SCRANTON — Seven current and former Lackawanna County Prison guards arrested this afternoon on charges of sexual abuse at the jail are free on bail. Troopers arrested former prison guard John J. Shnipes Jr., 42, of 115 Simpson St., Archbald, at his home. Shnipes is a former Archbald councilman who lost his seat in 2017. He didn’t say anything as troopers led him by his arms to their vehicle and declined comment later when he was escorted out of the state police barracks in Dunmore. Charges against Shnipes, 16 in total, include involuntary deviate sexual intercourse and institutional sexual assault. State police arrested George T. McHale, 50, of 513 Florin St., Scranton, and Jeff Staff, 42, address unknown, at the jail. Both were taken away in handcuffs and escorted to marked state police vehicles. Correctional officers James J. Walsh, 51, Paul J. Voglino, 45,Mark Johnson, 53, and George R. Efthimiou, 50, also were arrested. Walsh has been on paid administrative leave. He is charged with involuntary deviate sexual intercourse by forcible compulsion and by threat of forcible compulsion, according to a court docket made public late this afternoon. Voglino is charged with involuntary deviate sexual intercourse by forcible compulsion and threat of forcible compulsion. McHale is charged with institutional sexual assault, indecent assault without consent and indecent assault by threat of forcible compulsion. Johnson is charged with involuntary deviate sexual intercourse by forcible compulsion and threat of forcible compulsion, institutional sexual assault, indecent assault and harassment. Efthimiou and Staff are both charged only with institutional sexual assault. The dates the offenses are alleged to have occurred range from January 1999 through 2011, according to publicly available dockets. State police arrived at the jail after 2 p.m., not long before shift change, and acted with silent efficiency. Both McHale and Staff were visibly surprised. McHale’s eyes stared forward. His face was a pale mask of shock. Staff wanted a Times-Tribune photographer to stop taking pictures. The state police didn’t react. The camera kept clicking. Warden Tim Betti said no warning of the arrests was given but he could “surmise” what the arrests were about. He stood in the parking lot of the jail as the state troopers put the two under arrest. He planned to address his staff after and was sure that morale would be low. “It affects my morale,” Betti said. “It’s a little dour…it matches the sky right now.” The arrests come six months after agents from the state Attorney General’s Office and state police raided the jail, the county work release center, 911 center and county administration building related to a grand jury investigation into alleged sexual abuse of inmates. County Judge James Gibbons, who is chairman of the county prison board, said Wednesday afternoon he did not know any details of the arrests. He said he was not notified in advance that the arrests would happen. Bernie Brown, a lawyer representing Staff, Voglino and Johnson called the charges “trumped up” and claim the guards’ accusers went to the attorney general and are telling stories to increase their chances for settlements in their lawsuits. The investigation arose from a civil lawsuit filed by a woman who alleged she was sexually abused by six guards from 2007 to 2016. Three additional women later joined the lawsuit and implicated other officers going back to 1998. The lawsuit, which is pending in federal court, contained allegations against prison guards the women said committed the abuse, as well as fellow guards who witnessed it but did nothing to stop it. It also alleges prison and county officials knew about the abuse and tried to cover it up. The accused guards coerced the incarcerated women into the sex acts by giving them extra privileges or threatening to take away privileges or place them restricted housing, the suit said. When they were free, the guards manipulated them into having sex by threatening to have their probation revoked. Two of the women alleged they tried to report the abuse to other guards and prison officials. Rather than help them, the guards harassed and berated them and actively helped the abusive guards conceal the assaults, the complaint said. The suit alleged most of the abuse happened between 1998 and 2013, but some as recently as last year. All seven arrested were taken to the state police barracks in Dunmore for interviews and then were arraigned by Magisterial District Judge Paul J. Ware at his office on West Pine Street. Their preliminary hearings are scheduled for 11:15 a.m. on Feb. 23. A press conference is slated for some time tomorrow, Trooper Mark Keyes, a spokesman at the Dunmore barracks, said. Walsh and McHale are free on $50,000 unsecured bail and Voglino, Efthimiou and Staff walked on $25,000 unsecured bail. Johnson posted a bail bond for $25,000. Shnipes posted a bond for $100,000. An attorney representing Shnipes said he is looking forward to his day in court. JEFF HORVATH, STAFF WRITER, CONTRIBUTED TO THE REPORT Check back for updates.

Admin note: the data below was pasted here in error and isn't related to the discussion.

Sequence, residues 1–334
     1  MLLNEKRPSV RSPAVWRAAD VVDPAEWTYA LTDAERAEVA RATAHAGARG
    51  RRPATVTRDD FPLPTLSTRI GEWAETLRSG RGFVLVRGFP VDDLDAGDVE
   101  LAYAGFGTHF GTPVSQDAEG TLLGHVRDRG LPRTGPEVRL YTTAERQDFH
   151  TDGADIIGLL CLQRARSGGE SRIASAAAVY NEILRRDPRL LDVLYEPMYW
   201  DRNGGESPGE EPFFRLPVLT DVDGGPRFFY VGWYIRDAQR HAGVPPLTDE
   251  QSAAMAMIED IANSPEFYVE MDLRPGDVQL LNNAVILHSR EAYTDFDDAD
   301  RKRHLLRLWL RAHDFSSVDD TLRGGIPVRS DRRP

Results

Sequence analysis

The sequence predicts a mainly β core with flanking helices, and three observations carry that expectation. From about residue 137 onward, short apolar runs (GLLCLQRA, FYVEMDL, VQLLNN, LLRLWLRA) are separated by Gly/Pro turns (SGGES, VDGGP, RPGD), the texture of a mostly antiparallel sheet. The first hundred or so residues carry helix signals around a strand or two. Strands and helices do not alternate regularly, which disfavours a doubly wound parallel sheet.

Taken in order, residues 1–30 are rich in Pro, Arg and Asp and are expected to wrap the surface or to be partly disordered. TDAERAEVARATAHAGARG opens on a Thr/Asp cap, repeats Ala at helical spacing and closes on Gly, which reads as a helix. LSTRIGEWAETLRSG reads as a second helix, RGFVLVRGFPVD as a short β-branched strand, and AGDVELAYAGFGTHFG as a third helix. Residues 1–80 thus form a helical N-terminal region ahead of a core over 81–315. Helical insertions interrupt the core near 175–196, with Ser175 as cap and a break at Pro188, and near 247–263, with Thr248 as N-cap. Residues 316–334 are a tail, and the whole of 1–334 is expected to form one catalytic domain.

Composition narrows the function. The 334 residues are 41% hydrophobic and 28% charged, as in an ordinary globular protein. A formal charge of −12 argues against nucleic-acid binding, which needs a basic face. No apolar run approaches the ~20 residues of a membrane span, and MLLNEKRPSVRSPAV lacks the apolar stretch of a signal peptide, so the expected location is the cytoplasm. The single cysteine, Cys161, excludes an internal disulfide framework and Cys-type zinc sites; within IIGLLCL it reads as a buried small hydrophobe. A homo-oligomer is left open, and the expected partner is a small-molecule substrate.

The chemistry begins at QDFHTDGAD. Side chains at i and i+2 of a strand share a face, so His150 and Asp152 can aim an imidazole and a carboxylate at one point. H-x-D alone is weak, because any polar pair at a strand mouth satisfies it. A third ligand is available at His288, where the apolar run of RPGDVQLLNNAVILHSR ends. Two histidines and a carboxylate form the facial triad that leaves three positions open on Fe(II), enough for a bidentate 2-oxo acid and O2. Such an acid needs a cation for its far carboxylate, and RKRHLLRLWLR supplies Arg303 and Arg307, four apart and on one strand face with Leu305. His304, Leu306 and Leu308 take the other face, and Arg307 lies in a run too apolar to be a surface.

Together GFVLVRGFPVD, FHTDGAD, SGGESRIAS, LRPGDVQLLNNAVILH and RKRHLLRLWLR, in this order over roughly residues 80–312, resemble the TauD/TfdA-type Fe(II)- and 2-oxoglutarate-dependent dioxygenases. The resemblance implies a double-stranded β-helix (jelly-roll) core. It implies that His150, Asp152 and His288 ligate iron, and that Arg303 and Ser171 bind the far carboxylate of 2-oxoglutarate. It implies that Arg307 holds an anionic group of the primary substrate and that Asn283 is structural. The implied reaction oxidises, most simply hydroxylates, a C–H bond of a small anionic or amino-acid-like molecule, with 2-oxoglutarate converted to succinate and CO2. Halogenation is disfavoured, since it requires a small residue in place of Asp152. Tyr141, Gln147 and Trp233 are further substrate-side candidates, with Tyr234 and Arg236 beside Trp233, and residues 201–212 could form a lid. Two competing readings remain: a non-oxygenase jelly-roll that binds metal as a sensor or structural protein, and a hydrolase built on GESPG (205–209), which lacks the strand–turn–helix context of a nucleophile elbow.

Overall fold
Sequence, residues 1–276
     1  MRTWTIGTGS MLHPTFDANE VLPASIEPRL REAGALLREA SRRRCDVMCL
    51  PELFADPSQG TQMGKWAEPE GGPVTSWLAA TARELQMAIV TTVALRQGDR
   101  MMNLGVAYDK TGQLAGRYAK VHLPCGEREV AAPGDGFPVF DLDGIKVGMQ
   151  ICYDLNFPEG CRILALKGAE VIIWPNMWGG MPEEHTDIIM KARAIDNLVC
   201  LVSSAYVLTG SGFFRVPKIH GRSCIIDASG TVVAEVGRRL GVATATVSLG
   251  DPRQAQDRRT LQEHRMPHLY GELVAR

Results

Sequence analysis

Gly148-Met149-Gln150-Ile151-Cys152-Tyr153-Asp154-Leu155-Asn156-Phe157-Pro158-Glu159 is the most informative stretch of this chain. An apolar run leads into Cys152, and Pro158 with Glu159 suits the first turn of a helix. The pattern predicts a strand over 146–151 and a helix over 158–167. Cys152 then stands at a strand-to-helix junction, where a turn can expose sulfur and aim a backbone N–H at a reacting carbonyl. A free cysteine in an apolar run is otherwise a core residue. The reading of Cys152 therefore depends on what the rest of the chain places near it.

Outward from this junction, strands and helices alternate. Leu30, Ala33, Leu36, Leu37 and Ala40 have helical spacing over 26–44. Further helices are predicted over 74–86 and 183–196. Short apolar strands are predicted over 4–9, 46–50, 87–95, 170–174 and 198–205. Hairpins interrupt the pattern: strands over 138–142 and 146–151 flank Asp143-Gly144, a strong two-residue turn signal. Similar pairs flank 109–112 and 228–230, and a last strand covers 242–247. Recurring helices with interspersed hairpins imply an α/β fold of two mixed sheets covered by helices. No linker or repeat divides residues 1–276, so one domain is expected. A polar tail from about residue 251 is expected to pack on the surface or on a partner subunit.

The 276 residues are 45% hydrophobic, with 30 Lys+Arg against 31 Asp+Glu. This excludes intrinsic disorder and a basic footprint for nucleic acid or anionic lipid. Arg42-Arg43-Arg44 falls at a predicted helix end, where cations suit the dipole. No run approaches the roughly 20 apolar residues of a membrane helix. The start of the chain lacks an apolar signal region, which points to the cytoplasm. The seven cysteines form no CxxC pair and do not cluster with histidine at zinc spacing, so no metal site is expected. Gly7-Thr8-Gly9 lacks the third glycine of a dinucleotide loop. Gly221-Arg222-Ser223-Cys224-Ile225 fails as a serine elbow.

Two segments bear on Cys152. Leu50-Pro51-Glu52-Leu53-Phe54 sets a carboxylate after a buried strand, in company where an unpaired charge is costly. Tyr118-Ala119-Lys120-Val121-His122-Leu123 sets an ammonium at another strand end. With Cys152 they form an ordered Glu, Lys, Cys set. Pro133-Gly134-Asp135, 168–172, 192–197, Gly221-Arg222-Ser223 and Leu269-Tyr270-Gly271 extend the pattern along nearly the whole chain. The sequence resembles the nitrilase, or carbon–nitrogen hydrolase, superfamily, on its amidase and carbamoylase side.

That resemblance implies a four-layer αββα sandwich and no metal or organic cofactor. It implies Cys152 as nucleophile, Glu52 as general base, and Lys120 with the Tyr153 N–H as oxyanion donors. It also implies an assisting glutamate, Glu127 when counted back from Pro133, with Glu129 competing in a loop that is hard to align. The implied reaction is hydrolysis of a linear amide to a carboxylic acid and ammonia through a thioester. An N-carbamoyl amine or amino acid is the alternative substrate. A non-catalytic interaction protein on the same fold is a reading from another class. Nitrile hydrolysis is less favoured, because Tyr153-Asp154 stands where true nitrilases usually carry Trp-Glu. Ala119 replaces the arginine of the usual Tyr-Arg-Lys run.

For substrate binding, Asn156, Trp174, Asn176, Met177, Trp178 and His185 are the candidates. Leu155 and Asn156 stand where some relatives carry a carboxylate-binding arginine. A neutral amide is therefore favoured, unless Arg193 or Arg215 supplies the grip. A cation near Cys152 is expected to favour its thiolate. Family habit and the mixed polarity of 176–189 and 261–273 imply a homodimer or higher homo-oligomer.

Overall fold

The day after the guards’ arrests, Attorney General Josh Shapiro called it “the opening chapter” in trying to end abusive prison culture. The grand jury presentment charging the guards mentions others who knew about abuse but may have done nothing about it, though Shapiro declined to speculate then about charging them.